Some physical database designs involve the introduction of meta-data. For example, it is sometimes recommended that all of an application's code tables containing just code and description columns, should be stored in one physical table by introducing a meta-data column containing the logical table name. The impact of such a scheme on the application code and database workload is less severe than that associated with introduced redundancy. But, the benefit is correspondingly unimpressive. The major benefit of using a composite code table is that it increases the likelihood of code table blocks being cached in memory. However, even greater benefit can be realized by storing the separate code tables in a suitable cluster, without the overhead of introduced meta-data.
A more intriguing case for the possible use of meta-data is in implementing sub-types. Consider an entity representing vehicles in the fleet of a hire-car company. Most of the vehicles will be sedans, but some will be mini-buses and others will be light trucks. These are sub-types of the vehicle entity. They will have many attributes in common, but will require some special attributes also. For example, the maximum load in tons, and whether it is a tray-truck or van, are attributes that apply only to the light trucks.
There are three options for mapping a super-type entity with sub-types to physical tables, in a purely relational data model.
One table is used for the common attributes, with a separate table for the special attributes of each sub-type.
While relationally appealing, this option is normally quickly eliminated on performance grounds, because of the need to constantly join the tables. However, if table scans are not required, clustering the tables should be considered.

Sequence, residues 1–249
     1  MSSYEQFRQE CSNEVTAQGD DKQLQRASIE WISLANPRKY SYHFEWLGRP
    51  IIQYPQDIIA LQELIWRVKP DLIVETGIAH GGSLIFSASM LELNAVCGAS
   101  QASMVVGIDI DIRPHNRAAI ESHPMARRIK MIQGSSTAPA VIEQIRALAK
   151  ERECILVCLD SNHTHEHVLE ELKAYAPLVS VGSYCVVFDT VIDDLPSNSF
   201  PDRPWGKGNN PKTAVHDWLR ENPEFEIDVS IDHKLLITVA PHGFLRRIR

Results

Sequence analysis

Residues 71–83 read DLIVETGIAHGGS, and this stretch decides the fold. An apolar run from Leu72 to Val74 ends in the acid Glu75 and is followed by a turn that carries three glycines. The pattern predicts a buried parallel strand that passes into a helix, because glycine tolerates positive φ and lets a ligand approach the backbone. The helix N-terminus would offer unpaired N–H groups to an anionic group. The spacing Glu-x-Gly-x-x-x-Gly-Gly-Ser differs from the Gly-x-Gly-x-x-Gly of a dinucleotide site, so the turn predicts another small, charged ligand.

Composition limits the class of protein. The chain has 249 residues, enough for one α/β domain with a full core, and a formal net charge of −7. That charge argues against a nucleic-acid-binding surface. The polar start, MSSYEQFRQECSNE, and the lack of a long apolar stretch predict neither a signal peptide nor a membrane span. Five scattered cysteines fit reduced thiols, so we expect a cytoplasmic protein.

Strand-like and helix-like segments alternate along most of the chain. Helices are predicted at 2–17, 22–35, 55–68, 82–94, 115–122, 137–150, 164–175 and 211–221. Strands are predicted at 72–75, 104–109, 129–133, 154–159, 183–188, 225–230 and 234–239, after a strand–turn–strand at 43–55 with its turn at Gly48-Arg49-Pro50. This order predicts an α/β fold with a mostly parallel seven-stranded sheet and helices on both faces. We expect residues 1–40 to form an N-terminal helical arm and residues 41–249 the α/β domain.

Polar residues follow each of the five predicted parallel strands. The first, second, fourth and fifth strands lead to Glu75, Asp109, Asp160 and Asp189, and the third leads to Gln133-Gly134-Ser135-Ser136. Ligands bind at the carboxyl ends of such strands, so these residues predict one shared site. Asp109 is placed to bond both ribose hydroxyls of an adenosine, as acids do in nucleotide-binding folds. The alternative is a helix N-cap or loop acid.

A separate table is used for each sub-type, with columns for the common attributes, including the primary key and other candidate keys, present in each table.
Triggers have to be used to enforce uniqueness constraints across the separate tables. Overall, the data manipulation performance of this option is acceptable, and the query performance is good.
A single large table is used with a meta-data column to identify the sub-type and columns for all of the special sub-type attributes.
Not null constraints over the sub-type attributes have to be implemented as check constraints referencing the meta-data column, which is no great burden. The data manipulation performance of this option is good, but the full table scan performance may suffer from reduced data density.
Clearly, the right trade-off between data manipulation and query performance depends on a wide variety of factors. However, the introduction of meta-data in option 3 is an important option to consider.
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